For years, fans of acoustic music have been entertained by Craig Siemsen’s personal blend of original songs, folk, and old timey country music. With his whimsical story telling and wit, audiences find themselves laughing and toe tapping during these memorable performances.
At age 11 I began playing guitar and learning Beatle songs. This love of folk and rock morphed into a broader study of Dylan, Led Zeppelin, Jean Ritchie and a trove of other 60s and 70s musicians.
But work and life as a civil engineer and Navy officer got in the way, and my musical growth hit stasis til I retired for good in 2010. After some years playing at the senior center I helped form 4 Man String Band. But a simpler life beckoned me to join Charles and Phyl to birth Crawlspace. Now, thanks to mentoring from John McCutcheon and Charles Absher I am composing new material.
Colleen is a bilingual songwriter who stirs listeners with her clear voice, collective spirit and rhythmic sensibility. Her music is informed by nature, social and environment movements, and Latin American progressive folk in a genre she likes to call “americaña” (TM) aka “gringa latin”. She’s a twice nominated Sammy nominee and has seven albums and three benefit compilations for antimilitarism and antifracking causes. Her latest release is Besos/Kisses (with one on the way). Her original song honoring the early feminist movement, “Dangerous women’ is now featured in the National Women’s History Museum in Seneca Falls NY. Here is a link for it:
Julia Lane is an award-winning Celtic harper, singer, and folklorist. A founding member of Castlebay, she has toured the east coast from Cape Breton to Florida, and internationally in the UK, Ireland – even Kosovo. Julia has done extensive research into traditional songs collected in Maine and arranged many of them for a contemporary audience. She has also written and recorded original songs and harp solos. She composed incidental music for “Sang O’ the Solway,” a two-hour concert piece commissioned by the Galloway & Dumfries Art Association, wrote the book and music for an historical play with music, “The Grand Design.” She has appeared as a guest artist on recordings on both sides of the Atlantic.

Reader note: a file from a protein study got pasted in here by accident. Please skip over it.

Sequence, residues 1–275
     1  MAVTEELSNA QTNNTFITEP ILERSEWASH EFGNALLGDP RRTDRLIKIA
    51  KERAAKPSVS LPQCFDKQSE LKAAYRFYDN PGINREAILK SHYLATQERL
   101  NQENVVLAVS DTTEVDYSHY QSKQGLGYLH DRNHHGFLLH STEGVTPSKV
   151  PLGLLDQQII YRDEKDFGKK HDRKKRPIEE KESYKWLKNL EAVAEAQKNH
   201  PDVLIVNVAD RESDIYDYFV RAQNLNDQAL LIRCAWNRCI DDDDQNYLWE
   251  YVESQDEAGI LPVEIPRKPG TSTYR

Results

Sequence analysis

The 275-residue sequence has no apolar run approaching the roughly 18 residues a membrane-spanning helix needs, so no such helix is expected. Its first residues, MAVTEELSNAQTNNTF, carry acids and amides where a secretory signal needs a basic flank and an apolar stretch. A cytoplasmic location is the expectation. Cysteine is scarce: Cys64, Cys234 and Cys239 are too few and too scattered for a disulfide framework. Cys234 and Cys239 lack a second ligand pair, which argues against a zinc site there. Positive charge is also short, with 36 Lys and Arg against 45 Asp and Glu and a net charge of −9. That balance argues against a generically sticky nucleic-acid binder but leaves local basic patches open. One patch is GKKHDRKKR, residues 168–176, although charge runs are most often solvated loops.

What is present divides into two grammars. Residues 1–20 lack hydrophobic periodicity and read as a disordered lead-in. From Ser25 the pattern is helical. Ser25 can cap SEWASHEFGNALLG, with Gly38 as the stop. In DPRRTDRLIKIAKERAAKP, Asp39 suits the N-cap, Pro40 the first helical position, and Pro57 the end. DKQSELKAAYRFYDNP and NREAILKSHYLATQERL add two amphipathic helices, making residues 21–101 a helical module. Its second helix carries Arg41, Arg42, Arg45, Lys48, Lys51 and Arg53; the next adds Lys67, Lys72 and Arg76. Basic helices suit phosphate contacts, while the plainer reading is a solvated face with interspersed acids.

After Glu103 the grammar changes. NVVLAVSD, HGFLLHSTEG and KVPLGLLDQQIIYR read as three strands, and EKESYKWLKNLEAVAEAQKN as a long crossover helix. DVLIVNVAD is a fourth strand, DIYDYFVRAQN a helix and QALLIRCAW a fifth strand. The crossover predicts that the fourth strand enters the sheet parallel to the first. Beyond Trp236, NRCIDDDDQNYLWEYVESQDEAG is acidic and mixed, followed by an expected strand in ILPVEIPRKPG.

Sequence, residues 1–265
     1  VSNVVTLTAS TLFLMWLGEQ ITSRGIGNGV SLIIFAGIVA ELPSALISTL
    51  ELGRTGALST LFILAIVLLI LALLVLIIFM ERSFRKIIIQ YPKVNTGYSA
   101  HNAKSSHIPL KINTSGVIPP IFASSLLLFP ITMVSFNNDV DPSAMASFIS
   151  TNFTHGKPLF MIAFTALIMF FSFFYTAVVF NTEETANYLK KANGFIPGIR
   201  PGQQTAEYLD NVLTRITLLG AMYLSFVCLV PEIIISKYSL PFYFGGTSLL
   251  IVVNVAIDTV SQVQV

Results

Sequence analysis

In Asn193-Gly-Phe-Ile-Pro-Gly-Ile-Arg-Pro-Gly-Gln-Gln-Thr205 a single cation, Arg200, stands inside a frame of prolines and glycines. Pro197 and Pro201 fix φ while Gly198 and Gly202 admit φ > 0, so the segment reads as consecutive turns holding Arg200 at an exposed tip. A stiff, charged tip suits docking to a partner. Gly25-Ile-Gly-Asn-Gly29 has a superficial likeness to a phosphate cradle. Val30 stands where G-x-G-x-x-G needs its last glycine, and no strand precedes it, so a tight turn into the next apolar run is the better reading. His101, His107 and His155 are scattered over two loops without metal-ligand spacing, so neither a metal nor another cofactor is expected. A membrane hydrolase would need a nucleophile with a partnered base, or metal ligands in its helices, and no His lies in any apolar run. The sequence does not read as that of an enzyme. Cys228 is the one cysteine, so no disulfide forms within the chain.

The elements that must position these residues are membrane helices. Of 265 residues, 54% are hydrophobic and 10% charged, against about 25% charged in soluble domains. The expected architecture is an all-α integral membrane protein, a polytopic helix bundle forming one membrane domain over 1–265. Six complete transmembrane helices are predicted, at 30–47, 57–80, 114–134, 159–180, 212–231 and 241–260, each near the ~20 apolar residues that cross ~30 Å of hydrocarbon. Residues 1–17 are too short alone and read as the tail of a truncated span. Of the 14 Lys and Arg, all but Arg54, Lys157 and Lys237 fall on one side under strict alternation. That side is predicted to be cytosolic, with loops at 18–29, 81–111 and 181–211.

Folk singers often try to one-up each other with obscure details and pastimes. No slouch in that regard, Kray Van Kirk, who will be playing our house concert series on Friday, May 19th, has not one but two obscure distinctions. First, he holds a Ph.D. in fisheries population dynamics modeling. If that’s not obscure enough, he does a spot-on impression of Japan’s nineteenth century blind swordsman, Zatoichi.
A fine finger-style guitarist with a precise baritone, Van Kirk obtained his doctorate from the University of Alaska. Coming off five years of living in his van and playing music across the US and Canada, he thought that a career in the sciences might be a bit more secure than playing music for a living, especially as a single parent. Eventually, however, he realized that healing the world was primarily a matter of the heart, not the head, and he put aside his computer, picked up his guitar, and set out again.
When Van Kirk reached Scotland and the prestigious Fringe Festival, the Daily Fringe Review wrote “The evening’s act was Kray Van Kirk, whose 12-string guitar and soaring vocals were spellbinding; the Alaskan singer-songwriter, in his Edinburgh debut, was not the reason I arrived early, but was certainly why I stayed late.”